Nearly 50 songs were played in a set that included three encores, multiple Uncle Bob kicks, and a crowd that was fervently lucid. It was constant, loud, and well received. This show was different from the last time GBV were in Boston. That was at the apex of their classic lineup victory tour. That was a show to celebrate days gone past. This was a show to celebrate days still here – and with a killer mix of both yesterday and today they achieved just that.
The sun will rise. The sun will set. And Guided By Voices will be playing and putting out great music. To think, I thought the 4th of July was eight days earlier – and like bright lights dimming in the sky, it’s a shame this bruise is gonna fade.
Bam. Boom. Pop. Crackle.
Last week I was on the island of Providenciales in Turks and Caicos. The Caribbean Nation’s beauty has few peers, and while getting lost with rum, sand, and sun I put together a podcast worthy of the gorgeous island. It’s a Summertime Mix that screams to be played loudly at any sun splashed gathering you’re at over the coming months. Please, make yourself a too strong Rum drink and float away as some of the finest Reggae, African, Soca, Dub, and Caribbean wash over you. This is Grace Bay Groove.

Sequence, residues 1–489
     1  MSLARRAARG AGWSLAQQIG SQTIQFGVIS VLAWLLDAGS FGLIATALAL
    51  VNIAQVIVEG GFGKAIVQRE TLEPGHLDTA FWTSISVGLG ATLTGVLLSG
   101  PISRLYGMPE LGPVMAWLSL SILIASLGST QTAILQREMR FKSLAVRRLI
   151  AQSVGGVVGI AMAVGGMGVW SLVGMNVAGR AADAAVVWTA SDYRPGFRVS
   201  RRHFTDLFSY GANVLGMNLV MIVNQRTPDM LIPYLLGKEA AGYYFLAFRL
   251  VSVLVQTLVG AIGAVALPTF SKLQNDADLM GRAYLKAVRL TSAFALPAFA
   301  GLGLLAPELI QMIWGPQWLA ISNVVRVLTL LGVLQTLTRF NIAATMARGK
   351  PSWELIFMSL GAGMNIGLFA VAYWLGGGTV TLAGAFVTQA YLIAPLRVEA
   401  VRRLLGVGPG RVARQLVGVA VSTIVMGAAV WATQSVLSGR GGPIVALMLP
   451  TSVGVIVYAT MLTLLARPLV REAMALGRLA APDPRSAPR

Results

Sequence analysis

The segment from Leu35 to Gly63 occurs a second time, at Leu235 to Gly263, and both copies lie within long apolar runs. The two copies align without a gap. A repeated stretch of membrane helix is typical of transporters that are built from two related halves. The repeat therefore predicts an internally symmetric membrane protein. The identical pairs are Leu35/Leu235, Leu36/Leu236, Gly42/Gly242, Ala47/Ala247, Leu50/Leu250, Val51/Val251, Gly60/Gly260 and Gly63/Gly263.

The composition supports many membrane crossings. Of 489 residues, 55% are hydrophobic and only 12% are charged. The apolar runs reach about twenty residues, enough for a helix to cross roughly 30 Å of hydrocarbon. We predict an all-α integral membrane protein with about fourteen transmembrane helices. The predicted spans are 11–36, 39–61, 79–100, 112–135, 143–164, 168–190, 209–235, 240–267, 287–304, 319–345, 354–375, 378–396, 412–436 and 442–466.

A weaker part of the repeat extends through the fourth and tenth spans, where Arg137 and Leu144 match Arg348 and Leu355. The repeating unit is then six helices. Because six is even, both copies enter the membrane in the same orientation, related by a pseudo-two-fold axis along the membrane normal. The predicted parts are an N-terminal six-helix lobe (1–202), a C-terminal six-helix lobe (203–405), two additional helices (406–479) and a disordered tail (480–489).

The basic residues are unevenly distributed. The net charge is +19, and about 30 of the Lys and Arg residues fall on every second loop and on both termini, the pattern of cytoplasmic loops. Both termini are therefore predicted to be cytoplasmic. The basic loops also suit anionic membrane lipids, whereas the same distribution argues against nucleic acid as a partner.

- Afro Funk – Hot Love (Body Music – 1975)
- Althea & Donna - Uptown Top Ranking (Uptown Top Ranking – 1978)
- Blue Boy - Soca On The Street (Thundering Soca – 1984)
- Bob & Ty – I Don’t Mind (Clement “Coxsone” Dodd – Musical Fever – 1967)
- Paul Blake & The Bloodfire Posse – Every Posse Get Flat (Every Posse Get Flat 12″ – 1985)
- Rikki Ililonga - The Nature Of Man (Zambia – 1974)
- Seun Kuti + Fela’s Egypt 80 – Many Things (Many Things – 2008)
- Culture - Get Ready To Ride The Lion To Zion (Two Sevens Clash – 1978)
- Dub Specialist - Always Dubbing (Studio One Dub Vol. 2 – 2007)
- Gorillaz - Bill Murray (D-Sides – 2007)
- Delroy Wilson - I’m Still Waiting (Dub Plate Style – 2009)
- Wendy René – After Laughter (Comes Tears) – (After Laughter / What Will Tomorrow Bring 7″ – 1964)
- Ziggy Marley - We a Guh Some Weh (Tomorrow People 12″ – 1988)
- Bob Marley - Ego Feed (Three Little Birds 7″ – 1980)
- Andy Capp Reco - Popatop (Popatop / The Lion Speaks 7″ – 1969)